The birth of Xbox Live

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Xbox Live is the kind of thing that you don’t realize is important until it happens.

One day consoles don’t have a persistent, broadband connection to the internet, and the next day they do. And within a few years people are watching movies and entire TV series over streaming Netflix and you wonder what life was even like before somebody invented Xbox Live.

The more people I got to know who are involved in making games, the more people I got to know who were involved with making Xbox Live. What struck me about the story of creating this world-evolving technological service was not the challenges they faced, but how all of it had so quickly faded into history.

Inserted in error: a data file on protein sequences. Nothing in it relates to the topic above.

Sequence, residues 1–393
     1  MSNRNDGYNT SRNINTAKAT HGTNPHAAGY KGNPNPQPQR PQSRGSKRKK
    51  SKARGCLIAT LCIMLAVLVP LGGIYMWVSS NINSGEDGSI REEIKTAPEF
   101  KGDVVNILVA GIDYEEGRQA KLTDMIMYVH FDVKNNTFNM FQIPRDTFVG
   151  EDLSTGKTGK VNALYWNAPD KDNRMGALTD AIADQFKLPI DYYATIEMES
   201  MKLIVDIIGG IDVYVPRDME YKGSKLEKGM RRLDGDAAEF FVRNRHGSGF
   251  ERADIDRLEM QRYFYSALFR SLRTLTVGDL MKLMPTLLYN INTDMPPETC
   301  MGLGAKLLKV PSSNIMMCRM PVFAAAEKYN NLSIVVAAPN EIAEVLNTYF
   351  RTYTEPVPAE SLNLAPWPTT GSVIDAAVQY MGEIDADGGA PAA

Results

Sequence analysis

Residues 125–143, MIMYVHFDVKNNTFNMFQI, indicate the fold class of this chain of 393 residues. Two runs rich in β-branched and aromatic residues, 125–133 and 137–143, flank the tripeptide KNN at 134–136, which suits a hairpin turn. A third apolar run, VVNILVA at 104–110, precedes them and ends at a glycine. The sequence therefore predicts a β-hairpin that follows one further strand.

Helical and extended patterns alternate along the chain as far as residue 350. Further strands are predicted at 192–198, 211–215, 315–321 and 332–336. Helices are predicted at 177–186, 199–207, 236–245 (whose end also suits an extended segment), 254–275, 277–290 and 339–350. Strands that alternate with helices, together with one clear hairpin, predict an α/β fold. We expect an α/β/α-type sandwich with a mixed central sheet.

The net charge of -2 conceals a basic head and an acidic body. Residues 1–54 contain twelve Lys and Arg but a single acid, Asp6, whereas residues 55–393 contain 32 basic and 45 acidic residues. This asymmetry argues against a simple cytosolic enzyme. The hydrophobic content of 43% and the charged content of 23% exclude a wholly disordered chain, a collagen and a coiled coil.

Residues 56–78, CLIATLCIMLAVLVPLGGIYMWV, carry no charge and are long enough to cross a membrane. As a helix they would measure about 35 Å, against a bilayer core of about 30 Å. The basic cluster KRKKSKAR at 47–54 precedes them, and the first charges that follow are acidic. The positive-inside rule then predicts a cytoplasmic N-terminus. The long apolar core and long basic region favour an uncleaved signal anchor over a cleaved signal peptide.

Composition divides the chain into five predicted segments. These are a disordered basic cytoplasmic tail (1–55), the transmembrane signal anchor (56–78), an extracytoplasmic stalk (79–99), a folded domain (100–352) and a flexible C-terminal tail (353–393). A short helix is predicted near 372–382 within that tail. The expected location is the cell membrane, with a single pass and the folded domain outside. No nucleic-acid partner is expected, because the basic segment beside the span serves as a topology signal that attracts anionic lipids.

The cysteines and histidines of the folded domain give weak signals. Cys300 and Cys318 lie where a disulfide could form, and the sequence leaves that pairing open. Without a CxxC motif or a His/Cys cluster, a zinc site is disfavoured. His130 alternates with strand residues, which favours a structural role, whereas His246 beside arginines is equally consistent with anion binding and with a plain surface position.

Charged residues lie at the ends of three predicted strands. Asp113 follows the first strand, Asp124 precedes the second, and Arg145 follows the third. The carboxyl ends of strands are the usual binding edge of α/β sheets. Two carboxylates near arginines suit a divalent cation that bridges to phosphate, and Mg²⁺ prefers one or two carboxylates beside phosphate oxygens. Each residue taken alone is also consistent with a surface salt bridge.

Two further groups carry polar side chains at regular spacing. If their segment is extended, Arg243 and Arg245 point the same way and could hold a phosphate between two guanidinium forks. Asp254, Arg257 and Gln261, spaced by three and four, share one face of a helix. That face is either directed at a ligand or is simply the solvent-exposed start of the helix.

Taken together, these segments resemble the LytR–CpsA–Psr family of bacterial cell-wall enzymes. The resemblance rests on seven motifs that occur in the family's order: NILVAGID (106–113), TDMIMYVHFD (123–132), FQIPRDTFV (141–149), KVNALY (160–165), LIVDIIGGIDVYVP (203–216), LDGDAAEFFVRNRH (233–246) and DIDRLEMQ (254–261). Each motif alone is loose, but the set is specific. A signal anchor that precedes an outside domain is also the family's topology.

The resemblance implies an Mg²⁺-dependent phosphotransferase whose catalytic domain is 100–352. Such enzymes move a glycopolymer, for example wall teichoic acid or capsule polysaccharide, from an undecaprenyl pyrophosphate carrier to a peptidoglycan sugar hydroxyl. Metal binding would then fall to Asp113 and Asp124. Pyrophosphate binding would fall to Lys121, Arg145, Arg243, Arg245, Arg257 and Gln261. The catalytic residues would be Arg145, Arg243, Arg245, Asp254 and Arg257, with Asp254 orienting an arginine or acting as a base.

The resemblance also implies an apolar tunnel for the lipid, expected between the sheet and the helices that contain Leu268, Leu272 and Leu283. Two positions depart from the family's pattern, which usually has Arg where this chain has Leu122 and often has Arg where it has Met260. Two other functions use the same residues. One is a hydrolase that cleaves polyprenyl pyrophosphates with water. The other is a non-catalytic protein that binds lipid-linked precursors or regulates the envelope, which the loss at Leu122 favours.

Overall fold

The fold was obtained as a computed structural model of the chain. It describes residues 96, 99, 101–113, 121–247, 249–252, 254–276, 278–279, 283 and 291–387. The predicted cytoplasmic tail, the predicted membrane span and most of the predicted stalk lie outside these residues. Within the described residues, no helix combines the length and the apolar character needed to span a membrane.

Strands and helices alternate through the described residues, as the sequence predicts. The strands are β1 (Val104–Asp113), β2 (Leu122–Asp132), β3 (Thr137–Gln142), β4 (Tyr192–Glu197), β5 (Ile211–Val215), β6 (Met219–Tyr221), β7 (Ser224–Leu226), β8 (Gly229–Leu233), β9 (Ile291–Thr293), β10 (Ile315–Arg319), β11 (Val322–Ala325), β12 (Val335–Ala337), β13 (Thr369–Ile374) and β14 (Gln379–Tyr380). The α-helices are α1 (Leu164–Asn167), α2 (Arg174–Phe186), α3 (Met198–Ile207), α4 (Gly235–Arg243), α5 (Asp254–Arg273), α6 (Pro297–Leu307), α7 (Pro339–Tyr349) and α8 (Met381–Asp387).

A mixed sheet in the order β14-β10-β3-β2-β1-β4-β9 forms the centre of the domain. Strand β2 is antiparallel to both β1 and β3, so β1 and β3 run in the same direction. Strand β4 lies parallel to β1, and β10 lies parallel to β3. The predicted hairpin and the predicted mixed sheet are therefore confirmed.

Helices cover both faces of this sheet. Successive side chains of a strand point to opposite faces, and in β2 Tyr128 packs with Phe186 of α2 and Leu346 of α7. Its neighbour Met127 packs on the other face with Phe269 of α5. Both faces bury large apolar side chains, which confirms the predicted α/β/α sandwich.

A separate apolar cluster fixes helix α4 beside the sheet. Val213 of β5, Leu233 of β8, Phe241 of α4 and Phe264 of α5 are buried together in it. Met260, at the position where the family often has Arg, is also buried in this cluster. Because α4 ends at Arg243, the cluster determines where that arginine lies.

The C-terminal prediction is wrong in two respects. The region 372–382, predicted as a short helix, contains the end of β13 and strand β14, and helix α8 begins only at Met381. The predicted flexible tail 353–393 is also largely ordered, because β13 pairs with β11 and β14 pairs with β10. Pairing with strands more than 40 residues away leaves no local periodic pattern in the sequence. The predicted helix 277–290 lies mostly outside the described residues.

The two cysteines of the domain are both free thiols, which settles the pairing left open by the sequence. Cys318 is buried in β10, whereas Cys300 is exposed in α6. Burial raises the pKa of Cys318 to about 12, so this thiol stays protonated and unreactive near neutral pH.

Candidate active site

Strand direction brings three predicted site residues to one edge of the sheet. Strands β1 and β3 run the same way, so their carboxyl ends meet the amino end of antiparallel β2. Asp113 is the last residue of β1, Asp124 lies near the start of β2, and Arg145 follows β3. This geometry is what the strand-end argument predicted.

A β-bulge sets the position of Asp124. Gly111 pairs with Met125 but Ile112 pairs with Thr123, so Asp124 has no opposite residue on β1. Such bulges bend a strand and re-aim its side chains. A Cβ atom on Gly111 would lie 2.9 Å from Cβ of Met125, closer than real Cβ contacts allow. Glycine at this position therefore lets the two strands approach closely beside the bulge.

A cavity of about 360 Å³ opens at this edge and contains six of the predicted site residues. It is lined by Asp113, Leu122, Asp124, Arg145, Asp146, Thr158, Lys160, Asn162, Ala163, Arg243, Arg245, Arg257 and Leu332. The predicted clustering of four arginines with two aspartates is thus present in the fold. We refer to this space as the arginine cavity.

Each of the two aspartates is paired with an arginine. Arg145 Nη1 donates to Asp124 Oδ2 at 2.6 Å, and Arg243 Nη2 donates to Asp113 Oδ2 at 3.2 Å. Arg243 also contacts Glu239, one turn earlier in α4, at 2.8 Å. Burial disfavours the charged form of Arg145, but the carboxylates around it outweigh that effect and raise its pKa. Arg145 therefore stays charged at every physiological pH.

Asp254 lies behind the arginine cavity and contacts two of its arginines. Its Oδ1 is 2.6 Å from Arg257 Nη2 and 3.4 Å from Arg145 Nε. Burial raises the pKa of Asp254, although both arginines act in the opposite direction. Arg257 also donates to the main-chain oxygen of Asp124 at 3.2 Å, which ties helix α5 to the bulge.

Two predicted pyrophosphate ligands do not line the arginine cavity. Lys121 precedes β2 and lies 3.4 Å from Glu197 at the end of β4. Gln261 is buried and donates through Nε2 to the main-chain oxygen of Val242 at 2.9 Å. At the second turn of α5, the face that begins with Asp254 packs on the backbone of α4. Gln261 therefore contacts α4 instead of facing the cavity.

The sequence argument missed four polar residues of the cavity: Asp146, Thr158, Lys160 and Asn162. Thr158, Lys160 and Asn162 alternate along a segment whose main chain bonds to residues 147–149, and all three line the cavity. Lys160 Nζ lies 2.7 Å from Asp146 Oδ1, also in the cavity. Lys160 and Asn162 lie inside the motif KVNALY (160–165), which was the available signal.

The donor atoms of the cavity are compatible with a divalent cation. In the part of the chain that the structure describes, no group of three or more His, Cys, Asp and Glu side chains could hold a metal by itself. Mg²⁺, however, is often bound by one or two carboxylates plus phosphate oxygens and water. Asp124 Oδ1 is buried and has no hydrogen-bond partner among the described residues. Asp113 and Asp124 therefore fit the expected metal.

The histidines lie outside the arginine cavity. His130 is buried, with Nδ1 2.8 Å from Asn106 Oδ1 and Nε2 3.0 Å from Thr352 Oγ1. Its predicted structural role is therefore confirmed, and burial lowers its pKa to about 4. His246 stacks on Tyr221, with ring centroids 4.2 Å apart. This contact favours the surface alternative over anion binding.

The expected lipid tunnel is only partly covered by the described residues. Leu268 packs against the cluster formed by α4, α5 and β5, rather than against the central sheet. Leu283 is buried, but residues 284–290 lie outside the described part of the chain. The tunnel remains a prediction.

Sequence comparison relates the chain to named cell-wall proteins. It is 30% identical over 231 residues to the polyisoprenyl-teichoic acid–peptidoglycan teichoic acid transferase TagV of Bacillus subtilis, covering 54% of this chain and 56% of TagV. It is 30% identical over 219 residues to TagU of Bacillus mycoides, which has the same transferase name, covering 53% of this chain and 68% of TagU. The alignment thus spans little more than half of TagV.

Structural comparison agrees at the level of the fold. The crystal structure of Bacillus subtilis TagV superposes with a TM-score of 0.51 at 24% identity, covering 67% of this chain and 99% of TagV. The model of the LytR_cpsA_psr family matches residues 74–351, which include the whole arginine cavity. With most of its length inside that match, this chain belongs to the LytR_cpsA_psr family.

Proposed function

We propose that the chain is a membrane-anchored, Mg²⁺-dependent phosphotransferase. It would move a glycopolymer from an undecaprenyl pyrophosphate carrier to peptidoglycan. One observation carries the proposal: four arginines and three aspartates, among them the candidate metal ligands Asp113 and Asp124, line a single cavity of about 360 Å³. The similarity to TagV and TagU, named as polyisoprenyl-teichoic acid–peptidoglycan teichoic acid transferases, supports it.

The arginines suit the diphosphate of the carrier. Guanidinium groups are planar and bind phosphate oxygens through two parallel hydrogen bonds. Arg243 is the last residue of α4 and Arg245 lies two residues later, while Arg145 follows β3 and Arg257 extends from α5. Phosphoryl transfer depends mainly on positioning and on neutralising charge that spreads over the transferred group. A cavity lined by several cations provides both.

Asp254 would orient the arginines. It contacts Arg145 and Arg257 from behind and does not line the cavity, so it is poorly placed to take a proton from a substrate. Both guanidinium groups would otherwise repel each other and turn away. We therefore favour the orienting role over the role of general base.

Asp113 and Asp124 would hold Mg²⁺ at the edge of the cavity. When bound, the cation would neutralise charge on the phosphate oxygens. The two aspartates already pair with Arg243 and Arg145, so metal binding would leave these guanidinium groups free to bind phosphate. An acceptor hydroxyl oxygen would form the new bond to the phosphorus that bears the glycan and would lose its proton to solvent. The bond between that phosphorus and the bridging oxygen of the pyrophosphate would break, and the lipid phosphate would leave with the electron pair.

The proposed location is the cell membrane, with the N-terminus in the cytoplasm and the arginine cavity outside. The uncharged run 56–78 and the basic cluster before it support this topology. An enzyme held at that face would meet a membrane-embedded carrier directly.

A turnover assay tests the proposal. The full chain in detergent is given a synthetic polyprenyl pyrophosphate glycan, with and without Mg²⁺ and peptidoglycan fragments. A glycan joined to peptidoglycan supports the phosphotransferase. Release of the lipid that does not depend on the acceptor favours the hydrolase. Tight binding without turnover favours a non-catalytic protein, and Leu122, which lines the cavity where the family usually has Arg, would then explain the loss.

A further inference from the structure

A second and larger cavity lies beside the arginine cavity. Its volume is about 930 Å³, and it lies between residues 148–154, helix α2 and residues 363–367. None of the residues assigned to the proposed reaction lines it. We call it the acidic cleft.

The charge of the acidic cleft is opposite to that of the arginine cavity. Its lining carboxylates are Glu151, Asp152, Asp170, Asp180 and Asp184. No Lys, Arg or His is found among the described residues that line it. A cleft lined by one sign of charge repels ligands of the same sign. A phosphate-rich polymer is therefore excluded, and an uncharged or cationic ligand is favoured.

Less than a decade after I started writing this story, most people had completely forgotten there was a time when your game console couldn’t connect to the internet. In an age of smartphones and wifi, such a thing is simply expected.

The geniuses at Microsoft’s Millennium E campus lived in a time before those technological marvels. Similarly to the men who went to the moon and launched the atom bomb, these people asked themselves what might happen if they tried to do a very big thing in a very small amount of time. The result is under your television, on your phone and possibly powering your car radio.

I spent about one year reporting on this story. I talked to over a dozen engineers, programmers and executives of (or formerly of) Microsoft. I’m now working on a part 2, and possibly a book.

The birth of Xbox Live